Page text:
To Macabee or not to Macabee

The most amazing thing about Chanukah is the extent to which it is observed and recognized by Jews.  Even the most assimilated or religiously distant Jews can identify with Chanukah and more Jews will attempt to attend Chanukah celebrations than any other occasion. 

Rabbi Riskin writes about Chanukah, that in its simplistic form we know Chanukah as the victory of the Judeans over the Greek-Syrians. We know from the Books of the Maccabees and the great Second Commonwealth historian Josephus, however, that the struggle began as a civil war, as a battle between brothers, waged in order to determine the future direction, the very soul, of the Jewish people.

Hellenistic Jew fought Torah-based Jew, assimilationist Jew fought traditionalist Jew, would-be Greek Jew fought old-fashioned, committed Jew. But after the traditionalists won their battle, they did not banish Greek culture completely, never to allow it a foothold in the sacred portals of Judea.

With this in mind, it is very ironic that the most obsure and fringe elements of Jewish identification find themselves confronted with a recognition of Chanukah, when the very festival is about purist Judaism, and overcoming the tensions between Hellenism and Hebraism.

Renowned commentator Steven Plaut finds political meaning in this juxtaposition.  He writes as follows: 

Of all the Jewish holidays, the one that I think best captures the contemporary Jewish zeitgeist, the one that is the most relevant to the current (and, if certain trends are not reversed, the last?) chapter in Jewish history, is Hannuka. Hannuka is, of course, the story of Jewish national liberation. It is the story of the military victory of the few against the many, of the champions of Judaism against the pagan barbarians. But it is more than this. It is the saga of the heroic struggle of Jewish survivalists (those one would today label “Zionists”) against the assimilationists and self-hating Hellenists of the second century BCE.  Hannuka is less a story about the battle against the Greeks than it is about the battle against the predominant assimilationist paradigm at the time among the Jews. It is about the battle against the anti-survivalists, those who hated themselves for being Jews, those who seek to be “progressive”, “modern”, and “in”, through rejecting, abasing, disgracing and degrading themselves and their people. The Hellenists who fought the Hasmoneans were struggling against Jewish survival. Sound familiar? In the United States, the main movement of Hellenistic assimilationism has been the school of “Political Liberalism as Judaism”, the pseudo-religion that holds that all of Judaism can be reduced to the pursuit of this week’s liberal political fads. But the global avante garde of Jewish self-hatred these days is the Israeli Left  The Israeli Left is the main manifestation today of Jewish anti-Semitism. Itrregularly attacks every symbol and concept of traditional Judaism.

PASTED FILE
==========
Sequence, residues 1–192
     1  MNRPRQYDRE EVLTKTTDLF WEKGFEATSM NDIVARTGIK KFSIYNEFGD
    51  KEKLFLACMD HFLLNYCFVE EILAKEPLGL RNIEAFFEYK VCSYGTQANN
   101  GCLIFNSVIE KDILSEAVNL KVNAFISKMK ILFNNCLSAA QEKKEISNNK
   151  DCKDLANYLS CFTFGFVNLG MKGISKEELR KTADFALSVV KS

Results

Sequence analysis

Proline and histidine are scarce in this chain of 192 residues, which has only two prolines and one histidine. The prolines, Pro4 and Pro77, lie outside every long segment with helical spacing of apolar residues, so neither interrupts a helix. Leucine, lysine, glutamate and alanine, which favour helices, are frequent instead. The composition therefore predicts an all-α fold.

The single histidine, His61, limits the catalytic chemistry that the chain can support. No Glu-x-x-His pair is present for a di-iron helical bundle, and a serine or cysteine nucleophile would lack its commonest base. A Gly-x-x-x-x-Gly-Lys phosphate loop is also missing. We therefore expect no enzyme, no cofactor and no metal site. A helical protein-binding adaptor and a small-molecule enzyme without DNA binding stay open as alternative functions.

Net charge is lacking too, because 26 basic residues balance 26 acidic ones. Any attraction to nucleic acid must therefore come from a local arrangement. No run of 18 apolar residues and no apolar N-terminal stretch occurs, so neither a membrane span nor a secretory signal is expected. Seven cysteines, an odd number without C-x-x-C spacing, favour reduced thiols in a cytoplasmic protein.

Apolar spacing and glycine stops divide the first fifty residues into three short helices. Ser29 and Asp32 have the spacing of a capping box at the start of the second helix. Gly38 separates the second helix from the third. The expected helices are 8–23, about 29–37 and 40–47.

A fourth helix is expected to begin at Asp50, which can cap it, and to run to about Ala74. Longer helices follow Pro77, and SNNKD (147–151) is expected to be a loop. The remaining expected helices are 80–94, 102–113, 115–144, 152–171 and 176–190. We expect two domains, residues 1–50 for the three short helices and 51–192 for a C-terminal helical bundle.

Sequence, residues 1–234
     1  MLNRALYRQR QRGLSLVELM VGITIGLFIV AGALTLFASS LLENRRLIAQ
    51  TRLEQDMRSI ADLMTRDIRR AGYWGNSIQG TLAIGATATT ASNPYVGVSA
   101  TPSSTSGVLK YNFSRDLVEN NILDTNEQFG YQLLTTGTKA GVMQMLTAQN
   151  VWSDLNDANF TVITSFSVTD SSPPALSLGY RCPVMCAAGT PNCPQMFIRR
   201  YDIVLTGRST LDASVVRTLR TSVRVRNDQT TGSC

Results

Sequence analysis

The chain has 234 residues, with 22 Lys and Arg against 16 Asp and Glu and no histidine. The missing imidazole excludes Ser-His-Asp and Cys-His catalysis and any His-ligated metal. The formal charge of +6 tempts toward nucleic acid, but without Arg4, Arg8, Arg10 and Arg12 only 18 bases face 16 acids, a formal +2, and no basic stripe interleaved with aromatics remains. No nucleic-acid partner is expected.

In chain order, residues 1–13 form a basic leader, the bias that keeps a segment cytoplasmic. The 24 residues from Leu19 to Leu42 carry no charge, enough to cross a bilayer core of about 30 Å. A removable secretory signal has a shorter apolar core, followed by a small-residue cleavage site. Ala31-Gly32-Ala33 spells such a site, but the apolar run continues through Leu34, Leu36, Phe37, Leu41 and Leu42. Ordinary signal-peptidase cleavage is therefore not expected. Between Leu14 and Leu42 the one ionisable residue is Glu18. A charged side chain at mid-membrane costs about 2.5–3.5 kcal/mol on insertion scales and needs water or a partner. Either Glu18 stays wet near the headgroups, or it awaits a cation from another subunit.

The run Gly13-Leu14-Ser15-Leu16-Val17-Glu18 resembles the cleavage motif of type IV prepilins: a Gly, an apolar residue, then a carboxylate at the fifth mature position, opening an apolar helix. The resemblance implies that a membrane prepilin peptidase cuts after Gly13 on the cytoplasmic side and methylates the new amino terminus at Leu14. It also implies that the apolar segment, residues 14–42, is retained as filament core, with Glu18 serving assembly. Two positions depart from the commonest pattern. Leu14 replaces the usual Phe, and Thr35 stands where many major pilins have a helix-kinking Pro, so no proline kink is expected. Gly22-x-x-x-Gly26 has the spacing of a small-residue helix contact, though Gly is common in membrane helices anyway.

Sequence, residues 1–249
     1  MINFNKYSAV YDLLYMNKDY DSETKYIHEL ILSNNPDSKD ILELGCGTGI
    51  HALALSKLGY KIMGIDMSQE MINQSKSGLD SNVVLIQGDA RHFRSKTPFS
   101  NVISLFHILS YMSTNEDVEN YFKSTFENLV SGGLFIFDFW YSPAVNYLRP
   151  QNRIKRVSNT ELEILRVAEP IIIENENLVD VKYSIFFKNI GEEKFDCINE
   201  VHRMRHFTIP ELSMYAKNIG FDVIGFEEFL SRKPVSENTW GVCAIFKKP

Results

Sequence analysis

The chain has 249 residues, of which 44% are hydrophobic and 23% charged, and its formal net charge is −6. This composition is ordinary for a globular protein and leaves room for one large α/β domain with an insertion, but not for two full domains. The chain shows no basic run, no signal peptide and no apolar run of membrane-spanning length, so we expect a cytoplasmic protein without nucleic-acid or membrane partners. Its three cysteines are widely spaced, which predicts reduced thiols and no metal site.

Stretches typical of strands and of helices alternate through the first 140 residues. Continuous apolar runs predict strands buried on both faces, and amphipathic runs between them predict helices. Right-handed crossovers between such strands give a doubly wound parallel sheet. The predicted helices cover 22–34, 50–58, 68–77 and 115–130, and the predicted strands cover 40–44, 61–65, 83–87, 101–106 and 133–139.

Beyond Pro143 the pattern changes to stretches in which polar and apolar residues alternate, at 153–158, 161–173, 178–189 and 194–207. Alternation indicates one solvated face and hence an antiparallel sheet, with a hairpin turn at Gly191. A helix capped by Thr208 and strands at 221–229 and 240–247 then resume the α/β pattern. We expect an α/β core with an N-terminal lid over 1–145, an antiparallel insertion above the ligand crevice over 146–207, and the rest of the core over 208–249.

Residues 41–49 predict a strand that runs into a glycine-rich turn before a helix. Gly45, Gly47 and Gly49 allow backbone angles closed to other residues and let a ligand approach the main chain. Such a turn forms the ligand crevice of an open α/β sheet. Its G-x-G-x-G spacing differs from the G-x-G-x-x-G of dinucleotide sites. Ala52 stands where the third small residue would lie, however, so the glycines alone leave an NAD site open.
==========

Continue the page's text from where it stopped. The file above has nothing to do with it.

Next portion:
The Perth chapter of this story is sadly one that can be written.  It is a combination of apathy (at best) and antagonism (at worst) that disrupts the wonderful religious development of our community. 

We have just had a wonderful Chanukah weekend in Perth.  As Yitro reported, there was a Siyum Sefer Torah at Dianella Shule.  There was a Chanukah party and a comedy night at the PHC.  There was an art exhibition at the Jewish Community Centre.  Tonight Chabad are running a Rosh Chodesh Chanukah program for women with Rebbitzen White.

The sad thing is that these activities do not attract a diverse range of participation.  If there are 7,000 Jews in Perth, fewer than 10% would be regular participants in the activities of our Shules.  The religious life in the community is not well supported, even when it comes to the cultural side of religion as reflected through Chanukah.

What is sadly worse is that there are some members of the community that are anti-religious.  They will invent excuses, unfounded stories, and vitriolic allegations to justify their non-participation, and stand within the identifiable range of the community as anti-establishment.

Traditional Judaism is a wonderful thing, and Chanukah is the season for traditional Judaism to shine.  If you don’t want to write yourself into the script, it is your loss.  However please do not spoil the activity for others.  Jewish outreach has motivations supporting it that are as pure as Chanukah itself. 

Are you a Jew or a Hellenist?  Are you for or against Jewish continuity?  Do you value your heritage, or do you have no self-respect for your unique religion?  The answer to those questions is demonstrated by whether or not you participated in the communities activities for Chanukah, and whether you support or reject the efforts of our local Shules.